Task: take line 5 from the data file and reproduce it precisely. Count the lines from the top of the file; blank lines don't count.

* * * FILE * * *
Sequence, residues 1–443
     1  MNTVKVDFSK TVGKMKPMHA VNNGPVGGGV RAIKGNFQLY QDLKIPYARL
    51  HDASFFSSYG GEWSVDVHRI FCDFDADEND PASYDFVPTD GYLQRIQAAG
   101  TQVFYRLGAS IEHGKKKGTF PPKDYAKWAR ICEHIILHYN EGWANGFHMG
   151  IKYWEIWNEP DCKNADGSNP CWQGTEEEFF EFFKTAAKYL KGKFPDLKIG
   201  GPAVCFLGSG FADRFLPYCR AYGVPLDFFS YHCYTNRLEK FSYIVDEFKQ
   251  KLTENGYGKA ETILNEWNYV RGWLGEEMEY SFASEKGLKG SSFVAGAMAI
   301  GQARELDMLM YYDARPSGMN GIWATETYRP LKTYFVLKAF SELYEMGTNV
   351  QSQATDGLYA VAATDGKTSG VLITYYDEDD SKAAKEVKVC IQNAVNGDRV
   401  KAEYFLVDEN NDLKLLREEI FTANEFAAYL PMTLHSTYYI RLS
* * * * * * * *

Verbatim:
   151  IKYWEIWNEP DCKNADGSNP CWQGTEEEFF EFFKTAAKYL KGKFPDLKIG